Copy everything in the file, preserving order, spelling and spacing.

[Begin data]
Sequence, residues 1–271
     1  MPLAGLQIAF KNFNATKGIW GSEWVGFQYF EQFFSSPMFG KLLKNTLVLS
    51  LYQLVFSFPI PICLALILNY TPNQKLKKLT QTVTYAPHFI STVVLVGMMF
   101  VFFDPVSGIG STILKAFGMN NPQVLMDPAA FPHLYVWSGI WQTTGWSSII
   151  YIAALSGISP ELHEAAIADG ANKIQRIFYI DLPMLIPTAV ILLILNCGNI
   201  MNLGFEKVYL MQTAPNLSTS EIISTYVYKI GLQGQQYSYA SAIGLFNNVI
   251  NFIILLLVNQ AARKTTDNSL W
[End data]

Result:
Sequence, residues 1–271
     1  MPLAGLQIAF KNFNATKGIW GSEWVGFQYF EQFFSSPMFG KLLKNTLVLS
    51  LYQLVFSFPI PICLALILNY TPNQKLKKLT QTVTYAPHFI STVVLVGMMF
   101  VFFDPVSGIG STILKAFGMN NPQVLMDPAA FPHLYVWSGI WQTTGWSSII
   151  YIAALSGISP ELHEAAIADG ANKIQRIFYI DLPMLIPTAV ILLILNCGNI
   201  MNLGFEKVYL MQTAPNLSTS EIISTYVYKI GLQGQQYSYA SAIGLFNNVI
   251  NFIILLLVNQ AARKTTDNSL W